• Finally, \(\delta T_\mathrm{b}(\nu )\) reaches yet another maximum, which reflects that neutral, X-ray heated gas is reionized away by the ionizing UV-photons emitted by star forming galaxies and quasars. When reionization is complete, there is no diffuse intergalactic neutral hydrogen left, and \(\delta T_\mathrm{b}(\nu ) \rightarrow 0\).

In detail, the onset and redshift evolution of Ly\(\alpha \) coupling, X-ray heating, and reionization depend on the redshift evolution of the number densities of galaxies, and their spectral characteristics. All these are uncertain, and it is not possible to make robust predictions for the precise shape of the global 21-cm signature. Instead, one of the main challenges for observational cosmology is to measure the global 21-cm signal, and from this constrain the abundances and characteristic of first generations of galaxies in our Universe. Detecting the global 21-cm is challenging, but especially the deep absorption trough that is expected to exist just prior to the onset of X-ray heating at \(\nu \sim 70\) MHz is something that may be detectable because of its characteristic spectral shape. It is interesting that the presence of this absorption feature relies on the presence of a Ly\(\alpha \) background, which must be strong enough to enable WF-coupling.


  1. 1.

    Examples of new instruments/telescopes that will revolutionize our ability to target the Ly\(\alpha \) emission line: the Hobby-Eberly Telescope Dark Energy Experiment (HETDEX, ) will increase the sample of Ly\(\alpha \) emitting galaxies by orders of magnitude at \(z \sim \) 2–4; Subaru’s Hyper Suprime-Cam ( is expected to provide a similar boost out to \(z\sim 7\). Integral Field Unit Spectrographs such as MUSE (, also see the Keck Cosmic Web Imager will allow us to map out spatially extended Ly\(\alpha \) emission down to \({\sim }10\) times lower surface brightness levels, and take spatially resolved spectra. In the (near) future, telescopes such as the James Webb Space Telescope (JWST, ) and ground based facilities such as the Giant Magellan Telescope ( and ESO’s E-ELT (, (TMT).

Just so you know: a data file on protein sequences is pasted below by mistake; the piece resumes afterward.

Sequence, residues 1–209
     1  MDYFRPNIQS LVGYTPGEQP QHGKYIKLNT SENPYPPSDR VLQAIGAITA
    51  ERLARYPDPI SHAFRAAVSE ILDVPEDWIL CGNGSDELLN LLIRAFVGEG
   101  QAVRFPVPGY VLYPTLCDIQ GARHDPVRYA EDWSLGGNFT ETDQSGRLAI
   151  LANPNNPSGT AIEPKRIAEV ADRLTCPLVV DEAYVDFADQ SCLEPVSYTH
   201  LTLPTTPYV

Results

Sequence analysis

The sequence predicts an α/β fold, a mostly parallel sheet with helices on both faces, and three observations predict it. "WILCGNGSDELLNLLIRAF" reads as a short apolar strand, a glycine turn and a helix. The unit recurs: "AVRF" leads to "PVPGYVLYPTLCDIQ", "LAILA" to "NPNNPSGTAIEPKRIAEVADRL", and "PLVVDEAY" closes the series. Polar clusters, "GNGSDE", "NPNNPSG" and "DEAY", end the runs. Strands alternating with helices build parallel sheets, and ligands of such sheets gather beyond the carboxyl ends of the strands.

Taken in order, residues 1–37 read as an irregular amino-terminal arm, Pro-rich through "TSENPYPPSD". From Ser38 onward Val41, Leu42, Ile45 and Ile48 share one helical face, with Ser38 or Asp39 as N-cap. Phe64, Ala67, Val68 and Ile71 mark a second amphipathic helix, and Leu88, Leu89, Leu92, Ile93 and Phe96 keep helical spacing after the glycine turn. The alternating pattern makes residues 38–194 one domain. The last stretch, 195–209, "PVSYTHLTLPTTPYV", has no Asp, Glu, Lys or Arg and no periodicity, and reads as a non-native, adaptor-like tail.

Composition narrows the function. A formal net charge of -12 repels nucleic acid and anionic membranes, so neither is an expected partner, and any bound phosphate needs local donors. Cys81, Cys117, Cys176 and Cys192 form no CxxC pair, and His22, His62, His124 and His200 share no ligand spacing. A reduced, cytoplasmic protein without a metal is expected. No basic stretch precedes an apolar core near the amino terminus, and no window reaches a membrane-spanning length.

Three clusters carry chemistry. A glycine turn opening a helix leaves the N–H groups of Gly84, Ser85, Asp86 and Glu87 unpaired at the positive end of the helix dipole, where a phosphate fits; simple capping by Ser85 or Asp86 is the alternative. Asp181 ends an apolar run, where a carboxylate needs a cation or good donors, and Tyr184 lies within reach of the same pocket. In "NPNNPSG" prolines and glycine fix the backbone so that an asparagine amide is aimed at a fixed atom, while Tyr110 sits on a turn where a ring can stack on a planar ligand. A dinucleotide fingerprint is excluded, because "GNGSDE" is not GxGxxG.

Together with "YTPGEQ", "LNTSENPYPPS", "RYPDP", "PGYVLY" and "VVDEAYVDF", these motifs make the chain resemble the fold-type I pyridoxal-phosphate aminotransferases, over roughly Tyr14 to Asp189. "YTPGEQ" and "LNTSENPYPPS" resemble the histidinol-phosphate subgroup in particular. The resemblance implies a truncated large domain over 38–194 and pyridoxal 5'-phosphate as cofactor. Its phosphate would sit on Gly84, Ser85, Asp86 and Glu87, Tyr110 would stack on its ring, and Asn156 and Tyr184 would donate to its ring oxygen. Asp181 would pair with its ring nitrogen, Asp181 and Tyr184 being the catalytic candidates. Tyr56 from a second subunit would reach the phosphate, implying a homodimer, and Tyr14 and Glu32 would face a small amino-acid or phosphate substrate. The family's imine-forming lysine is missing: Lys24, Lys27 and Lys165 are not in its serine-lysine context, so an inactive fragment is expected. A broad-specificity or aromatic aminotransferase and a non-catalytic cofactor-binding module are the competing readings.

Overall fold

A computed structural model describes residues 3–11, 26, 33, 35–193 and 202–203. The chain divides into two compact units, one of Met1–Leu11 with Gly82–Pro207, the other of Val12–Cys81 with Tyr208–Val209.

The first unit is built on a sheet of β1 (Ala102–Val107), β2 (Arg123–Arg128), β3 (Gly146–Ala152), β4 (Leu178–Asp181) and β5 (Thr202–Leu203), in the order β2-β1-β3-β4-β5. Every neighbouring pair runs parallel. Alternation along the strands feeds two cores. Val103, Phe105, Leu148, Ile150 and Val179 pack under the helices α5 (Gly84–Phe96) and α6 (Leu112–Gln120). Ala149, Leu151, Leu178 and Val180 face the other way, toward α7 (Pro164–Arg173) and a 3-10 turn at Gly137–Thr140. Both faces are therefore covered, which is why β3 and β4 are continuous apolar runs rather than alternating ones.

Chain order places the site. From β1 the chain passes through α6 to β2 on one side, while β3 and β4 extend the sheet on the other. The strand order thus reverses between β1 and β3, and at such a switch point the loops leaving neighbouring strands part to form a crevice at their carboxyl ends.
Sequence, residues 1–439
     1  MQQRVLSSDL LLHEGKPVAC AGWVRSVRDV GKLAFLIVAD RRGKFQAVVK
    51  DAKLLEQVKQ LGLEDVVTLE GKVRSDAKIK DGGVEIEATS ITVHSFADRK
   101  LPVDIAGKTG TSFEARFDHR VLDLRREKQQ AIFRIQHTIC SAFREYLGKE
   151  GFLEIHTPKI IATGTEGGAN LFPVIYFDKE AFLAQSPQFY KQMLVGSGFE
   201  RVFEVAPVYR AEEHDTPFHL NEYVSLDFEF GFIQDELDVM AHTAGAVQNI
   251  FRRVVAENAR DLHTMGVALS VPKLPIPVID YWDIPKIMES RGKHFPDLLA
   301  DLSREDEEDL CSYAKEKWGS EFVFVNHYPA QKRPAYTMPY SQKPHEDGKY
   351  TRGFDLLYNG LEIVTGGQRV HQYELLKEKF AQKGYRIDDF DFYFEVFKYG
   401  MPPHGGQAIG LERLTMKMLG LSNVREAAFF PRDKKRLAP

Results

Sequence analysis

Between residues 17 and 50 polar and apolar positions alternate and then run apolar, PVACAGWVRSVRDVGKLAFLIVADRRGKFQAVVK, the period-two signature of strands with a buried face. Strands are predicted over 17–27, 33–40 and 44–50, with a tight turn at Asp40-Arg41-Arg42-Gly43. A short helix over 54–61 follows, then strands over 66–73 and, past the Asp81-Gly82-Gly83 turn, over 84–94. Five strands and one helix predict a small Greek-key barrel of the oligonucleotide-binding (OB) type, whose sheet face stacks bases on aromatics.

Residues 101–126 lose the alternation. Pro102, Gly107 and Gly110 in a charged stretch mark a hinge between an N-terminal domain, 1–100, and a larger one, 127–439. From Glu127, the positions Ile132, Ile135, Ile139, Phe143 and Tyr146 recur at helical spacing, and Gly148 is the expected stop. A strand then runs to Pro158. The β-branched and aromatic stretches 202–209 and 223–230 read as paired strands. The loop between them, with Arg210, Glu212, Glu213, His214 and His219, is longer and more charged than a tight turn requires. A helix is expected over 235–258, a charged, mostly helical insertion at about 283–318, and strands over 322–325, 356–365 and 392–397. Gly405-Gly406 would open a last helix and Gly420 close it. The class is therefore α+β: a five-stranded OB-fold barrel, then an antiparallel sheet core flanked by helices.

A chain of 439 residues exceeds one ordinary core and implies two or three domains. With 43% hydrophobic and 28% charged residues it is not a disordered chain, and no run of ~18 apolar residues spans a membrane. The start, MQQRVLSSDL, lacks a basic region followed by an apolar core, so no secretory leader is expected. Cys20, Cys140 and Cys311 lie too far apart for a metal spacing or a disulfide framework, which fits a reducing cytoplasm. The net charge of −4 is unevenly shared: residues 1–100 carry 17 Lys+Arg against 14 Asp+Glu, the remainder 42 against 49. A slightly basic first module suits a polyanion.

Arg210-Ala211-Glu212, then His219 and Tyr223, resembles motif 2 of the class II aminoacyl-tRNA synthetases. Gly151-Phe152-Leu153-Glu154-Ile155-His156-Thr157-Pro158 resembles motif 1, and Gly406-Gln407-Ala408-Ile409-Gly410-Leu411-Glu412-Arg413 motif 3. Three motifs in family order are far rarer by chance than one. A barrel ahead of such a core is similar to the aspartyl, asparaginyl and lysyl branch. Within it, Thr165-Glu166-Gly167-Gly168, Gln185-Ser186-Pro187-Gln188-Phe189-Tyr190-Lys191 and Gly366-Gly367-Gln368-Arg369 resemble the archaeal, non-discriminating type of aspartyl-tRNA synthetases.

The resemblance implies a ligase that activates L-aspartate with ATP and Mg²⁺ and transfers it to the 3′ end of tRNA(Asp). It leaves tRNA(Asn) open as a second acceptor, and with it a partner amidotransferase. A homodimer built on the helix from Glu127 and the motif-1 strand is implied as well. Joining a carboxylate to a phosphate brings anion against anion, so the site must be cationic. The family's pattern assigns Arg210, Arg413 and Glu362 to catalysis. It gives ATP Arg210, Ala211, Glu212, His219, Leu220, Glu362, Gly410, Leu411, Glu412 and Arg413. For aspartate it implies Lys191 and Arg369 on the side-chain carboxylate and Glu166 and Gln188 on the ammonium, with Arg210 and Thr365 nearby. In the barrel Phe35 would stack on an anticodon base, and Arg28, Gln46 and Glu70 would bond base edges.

2. 2.
  3. 3.
  4. 4.
  5. 5.
  6. 6.
  7. 7.
  8. 8.

    The subscripts ‘l’ and ‘u’ refer to the ‘lower’ and ‘upper’ energy states, respectively.

  9. 9.

    As we referred to in Sect. 1.2.4. Fig. 1.4 schematically depicts permitted radiative cascades in a four-level H atom. Green solid lines depict radiative cascades that result in a Ly\(\alpha \) photon, while red dotted lines depict radiative cascades that do not yield a Ly\(\alpha \) photon.

  10. 10.
    This coefficient is given by
    where fundamental quantities e, c, \(h_\mathrm{P}\), and \(a_0\) are given in Table 1.1, \(h_\mathrm{P}\nu _\mathrm{ul}\) denotes the energy difference between the upper (n,l) and lower (n’,l’) state. The matrix \(M(n,l,n',l')\) involves an overlap integral that involves the radial wavefunctions of the states (nl) and \((n',l')\):